When following a gluten-free diet, it’s essential to incorporate nutrient-dense foods like whole grains, fruits, and vegetables to maintain a balanced diet and avoid unwanted weight gain.

Source: https://www.ncbi.nlm.nih.gov/pmc/articles/PMC10058476/

The above chart summarises the macronutrient and micronutrient imbalances associated with a GFD.

In individuals with active celiac disease (CeD), malabsorption of nutrients is common, leading to deficiencies in essential micronutrients such as iron, vitamin B12, and folate. Additionally, fat malabsorption can result in deficiencies of fat-soluble vitamins A, D, E, and K. However, even after adopting a gluten-free diet (GFD), micronutrient deficiencies persist, suggesting that factors beyond malabsorption contribute to these deficiencies.

The limited selection of foods and the lack of fortification in gluten-free products contribute to micronutrient deficiencies associated with GFDs. For example, gluten-free products are often deficient in folate and iron compared to their gluten-containing counterparts. Consequently, individuals following a GFD may need adequate amounts of essential vitamins and minerals solely from their diet.

Clinicians may recommend nutritional supplementation based on blood levels of vitamins and minerals to address these deficiencies. However, it’s essential to note that unprocessed foods such as fruits, vegetables, meat, and fish provide essential dietary minerals and vitamins. Therefore, individuals with CeD or non-celiac gluten sensitivity (NCGWS) may benefit from gluten-free diets based on naturally gluten-free foods to ensure adequate micronutrient intake.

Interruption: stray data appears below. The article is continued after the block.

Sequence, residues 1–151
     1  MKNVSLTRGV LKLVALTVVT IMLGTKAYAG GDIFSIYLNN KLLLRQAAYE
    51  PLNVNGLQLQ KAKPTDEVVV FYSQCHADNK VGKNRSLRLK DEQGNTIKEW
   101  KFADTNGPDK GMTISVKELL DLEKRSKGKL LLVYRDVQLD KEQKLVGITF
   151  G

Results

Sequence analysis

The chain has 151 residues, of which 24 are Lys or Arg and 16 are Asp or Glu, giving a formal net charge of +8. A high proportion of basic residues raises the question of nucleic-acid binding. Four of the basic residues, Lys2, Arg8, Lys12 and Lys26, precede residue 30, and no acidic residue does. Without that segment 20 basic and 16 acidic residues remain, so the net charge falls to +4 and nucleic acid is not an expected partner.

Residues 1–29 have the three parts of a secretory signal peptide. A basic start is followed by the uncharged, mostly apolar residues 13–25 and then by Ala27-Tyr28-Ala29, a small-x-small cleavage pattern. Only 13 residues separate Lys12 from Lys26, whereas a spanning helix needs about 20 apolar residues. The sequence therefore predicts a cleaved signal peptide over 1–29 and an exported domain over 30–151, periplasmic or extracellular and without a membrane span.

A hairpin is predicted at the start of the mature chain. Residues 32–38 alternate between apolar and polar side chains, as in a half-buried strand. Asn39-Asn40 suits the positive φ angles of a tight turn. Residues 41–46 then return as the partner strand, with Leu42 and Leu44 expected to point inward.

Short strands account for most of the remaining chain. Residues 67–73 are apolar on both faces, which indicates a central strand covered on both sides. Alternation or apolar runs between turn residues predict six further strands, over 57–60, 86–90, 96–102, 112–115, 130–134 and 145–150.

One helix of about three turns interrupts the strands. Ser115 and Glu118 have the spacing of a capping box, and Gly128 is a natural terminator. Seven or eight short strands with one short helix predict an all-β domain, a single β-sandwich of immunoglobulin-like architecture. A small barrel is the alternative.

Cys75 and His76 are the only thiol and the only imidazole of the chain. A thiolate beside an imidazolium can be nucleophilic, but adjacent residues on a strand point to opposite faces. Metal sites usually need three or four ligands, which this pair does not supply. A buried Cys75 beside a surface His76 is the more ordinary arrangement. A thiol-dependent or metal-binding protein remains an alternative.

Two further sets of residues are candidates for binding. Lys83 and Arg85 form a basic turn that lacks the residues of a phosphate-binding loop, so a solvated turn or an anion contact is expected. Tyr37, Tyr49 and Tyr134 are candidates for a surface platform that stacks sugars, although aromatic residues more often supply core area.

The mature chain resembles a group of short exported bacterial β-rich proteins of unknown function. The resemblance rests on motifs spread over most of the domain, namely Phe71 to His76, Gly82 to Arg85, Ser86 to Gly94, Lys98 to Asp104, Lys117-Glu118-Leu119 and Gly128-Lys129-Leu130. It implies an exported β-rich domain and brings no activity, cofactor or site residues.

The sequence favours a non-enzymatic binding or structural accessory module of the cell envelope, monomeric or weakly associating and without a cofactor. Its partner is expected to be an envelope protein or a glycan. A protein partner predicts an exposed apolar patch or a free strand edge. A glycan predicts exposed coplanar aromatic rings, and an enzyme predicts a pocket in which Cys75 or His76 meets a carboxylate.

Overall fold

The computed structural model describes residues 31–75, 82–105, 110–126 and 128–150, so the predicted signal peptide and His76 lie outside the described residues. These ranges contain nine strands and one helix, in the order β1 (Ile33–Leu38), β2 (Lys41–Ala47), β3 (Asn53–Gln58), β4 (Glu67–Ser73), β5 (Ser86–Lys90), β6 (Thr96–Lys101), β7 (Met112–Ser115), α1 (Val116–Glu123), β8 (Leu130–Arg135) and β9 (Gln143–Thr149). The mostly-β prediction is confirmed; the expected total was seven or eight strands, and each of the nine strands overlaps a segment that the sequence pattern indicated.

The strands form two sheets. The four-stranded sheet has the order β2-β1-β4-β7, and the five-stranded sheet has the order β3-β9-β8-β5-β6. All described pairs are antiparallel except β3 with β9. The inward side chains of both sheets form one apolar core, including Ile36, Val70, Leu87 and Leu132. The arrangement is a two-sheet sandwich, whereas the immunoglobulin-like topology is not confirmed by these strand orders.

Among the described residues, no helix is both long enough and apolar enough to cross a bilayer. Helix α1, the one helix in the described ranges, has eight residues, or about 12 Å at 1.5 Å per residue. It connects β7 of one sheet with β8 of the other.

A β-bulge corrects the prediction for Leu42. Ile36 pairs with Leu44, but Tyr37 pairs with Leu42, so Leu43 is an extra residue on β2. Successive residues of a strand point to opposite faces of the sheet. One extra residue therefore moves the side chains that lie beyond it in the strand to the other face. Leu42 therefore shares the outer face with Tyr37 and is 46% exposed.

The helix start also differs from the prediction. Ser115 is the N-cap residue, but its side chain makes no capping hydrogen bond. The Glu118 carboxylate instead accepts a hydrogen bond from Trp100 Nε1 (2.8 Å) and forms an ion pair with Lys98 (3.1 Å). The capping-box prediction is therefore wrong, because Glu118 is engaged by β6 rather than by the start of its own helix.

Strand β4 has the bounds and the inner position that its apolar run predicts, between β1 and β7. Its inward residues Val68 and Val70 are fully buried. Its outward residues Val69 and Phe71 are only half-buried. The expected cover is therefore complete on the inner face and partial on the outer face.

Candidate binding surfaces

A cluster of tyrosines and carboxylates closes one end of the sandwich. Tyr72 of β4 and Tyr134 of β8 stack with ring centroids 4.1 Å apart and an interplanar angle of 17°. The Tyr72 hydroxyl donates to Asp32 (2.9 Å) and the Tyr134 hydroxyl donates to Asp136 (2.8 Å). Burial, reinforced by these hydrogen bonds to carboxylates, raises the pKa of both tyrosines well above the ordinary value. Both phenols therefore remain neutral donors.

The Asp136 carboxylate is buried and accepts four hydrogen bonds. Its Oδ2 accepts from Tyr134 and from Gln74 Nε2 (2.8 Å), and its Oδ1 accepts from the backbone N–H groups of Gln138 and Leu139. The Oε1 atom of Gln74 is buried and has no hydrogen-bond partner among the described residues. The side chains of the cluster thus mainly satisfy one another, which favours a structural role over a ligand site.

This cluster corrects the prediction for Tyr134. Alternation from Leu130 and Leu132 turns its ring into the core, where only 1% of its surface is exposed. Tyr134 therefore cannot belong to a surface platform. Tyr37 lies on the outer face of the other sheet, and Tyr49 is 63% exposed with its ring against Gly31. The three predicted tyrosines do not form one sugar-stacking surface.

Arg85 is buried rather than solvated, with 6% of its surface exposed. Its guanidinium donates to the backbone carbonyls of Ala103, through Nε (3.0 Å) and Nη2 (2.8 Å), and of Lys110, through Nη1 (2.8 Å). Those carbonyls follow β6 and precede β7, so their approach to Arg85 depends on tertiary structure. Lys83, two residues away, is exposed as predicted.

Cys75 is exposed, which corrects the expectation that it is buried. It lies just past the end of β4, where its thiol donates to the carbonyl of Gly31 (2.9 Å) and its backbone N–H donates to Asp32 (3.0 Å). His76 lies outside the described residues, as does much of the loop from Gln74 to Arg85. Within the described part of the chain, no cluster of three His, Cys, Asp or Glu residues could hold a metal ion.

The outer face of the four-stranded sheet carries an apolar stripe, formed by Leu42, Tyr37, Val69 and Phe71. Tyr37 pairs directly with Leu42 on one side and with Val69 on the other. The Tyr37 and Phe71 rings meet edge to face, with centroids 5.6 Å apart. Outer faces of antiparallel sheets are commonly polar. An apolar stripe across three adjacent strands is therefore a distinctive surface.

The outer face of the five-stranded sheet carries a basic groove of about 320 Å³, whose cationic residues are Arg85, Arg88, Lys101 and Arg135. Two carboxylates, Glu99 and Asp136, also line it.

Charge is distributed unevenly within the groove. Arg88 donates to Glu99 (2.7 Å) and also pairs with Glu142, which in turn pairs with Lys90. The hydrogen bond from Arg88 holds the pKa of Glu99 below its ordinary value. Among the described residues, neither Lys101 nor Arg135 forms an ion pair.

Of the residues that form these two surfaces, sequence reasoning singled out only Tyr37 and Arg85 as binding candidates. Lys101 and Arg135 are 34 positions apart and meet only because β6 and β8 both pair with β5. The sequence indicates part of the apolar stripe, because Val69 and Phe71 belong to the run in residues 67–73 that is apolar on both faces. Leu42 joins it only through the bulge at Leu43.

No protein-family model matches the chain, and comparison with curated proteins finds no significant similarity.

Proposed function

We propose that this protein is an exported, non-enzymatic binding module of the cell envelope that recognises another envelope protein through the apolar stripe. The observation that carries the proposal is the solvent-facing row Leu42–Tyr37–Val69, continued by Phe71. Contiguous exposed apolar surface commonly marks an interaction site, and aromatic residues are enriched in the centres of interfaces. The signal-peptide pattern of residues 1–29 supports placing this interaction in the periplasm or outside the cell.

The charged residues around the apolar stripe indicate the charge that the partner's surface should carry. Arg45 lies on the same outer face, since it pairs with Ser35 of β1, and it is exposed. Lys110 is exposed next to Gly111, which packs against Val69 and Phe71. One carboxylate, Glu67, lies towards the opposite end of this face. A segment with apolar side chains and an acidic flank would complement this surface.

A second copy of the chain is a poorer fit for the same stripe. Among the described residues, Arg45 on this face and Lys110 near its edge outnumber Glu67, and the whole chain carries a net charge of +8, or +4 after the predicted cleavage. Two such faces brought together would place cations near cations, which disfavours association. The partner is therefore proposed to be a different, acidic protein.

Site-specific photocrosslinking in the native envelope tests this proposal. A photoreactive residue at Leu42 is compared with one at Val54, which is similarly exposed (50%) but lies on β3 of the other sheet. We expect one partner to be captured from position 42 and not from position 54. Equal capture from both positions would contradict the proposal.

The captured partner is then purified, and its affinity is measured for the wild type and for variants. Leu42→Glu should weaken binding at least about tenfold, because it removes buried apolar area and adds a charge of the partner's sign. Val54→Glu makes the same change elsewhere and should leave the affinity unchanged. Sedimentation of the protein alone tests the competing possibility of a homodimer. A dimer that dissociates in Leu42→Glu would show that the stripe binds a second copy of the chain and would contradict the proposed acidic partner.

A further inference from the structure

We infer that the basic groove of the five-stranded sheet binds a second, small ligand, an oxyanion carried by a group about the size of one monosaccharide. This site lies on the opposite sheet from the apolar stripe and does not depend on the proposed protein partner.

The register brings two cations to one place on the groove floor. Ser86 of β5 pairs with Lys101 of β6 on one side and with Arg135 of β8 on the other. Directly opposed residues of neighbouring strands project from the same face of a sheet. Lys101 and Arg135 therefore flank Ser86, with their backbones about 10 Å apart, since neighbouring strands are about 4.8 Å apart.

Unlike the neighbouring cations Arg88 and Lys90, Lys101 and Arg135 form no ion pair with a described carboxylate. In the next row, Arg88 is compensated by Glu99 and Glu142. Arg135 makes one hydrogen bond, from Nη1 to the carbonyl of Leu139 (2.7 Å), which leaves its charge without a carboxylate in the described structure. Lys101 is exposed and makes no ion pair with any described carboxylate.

Therefore, it’s very important to monitor the following essential nutrients:

  • Iron: Found in lean meats, beans, and fortified gluten-free cereals
  • Calcium and Vitamin D: Important for bone health, found in dairy products, leafy greens, and fortified foods
  • Fiber: Ensure adequate intake through fruits, vegetables, nuts, and gluten-free whole grains like quinoa and buckwheat

Psychological and Social Aspects

Coping with Diagnosis

A celiac disease diagnosis can be challenging for children and their families. It is crucial to provide emotional support and education to help them adjust. Support groups and counselling can be beneficial.

Social Situations

Navigating social situations such as school, parties, and dining out can be difficult. Strategies include:

  • Packing gluten-free snacks and meals
  • Communicating with teachers and caregivers about the child’s dietary needs
  • Researching restaurants that offer gluten-free options

Conclusion

Managing celiac disease in children requires a comprehensive approach that includes strict adherence to a gluten-free diet, nutritional monitoring, and emotional support.

While challenges exist, advancements in food labelling, technology, and ongoing research make it easier for families to manage this condition effectively. Early diagnosis and a proactive approach can ensure that children with celiac disease lead healthy, fulfilling lives.

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About The Author:

Malvika Fulwani

Last Updated: Wed Jun 12 2024

This disclaimer informs readers that the views, thoughts, and opinions expressed in the above blog/article text are the personal views of the author, and not necessarily reflect the views of The ParentZ. Any omission or errors are the author's and we do not assume any liability or responsibility for them.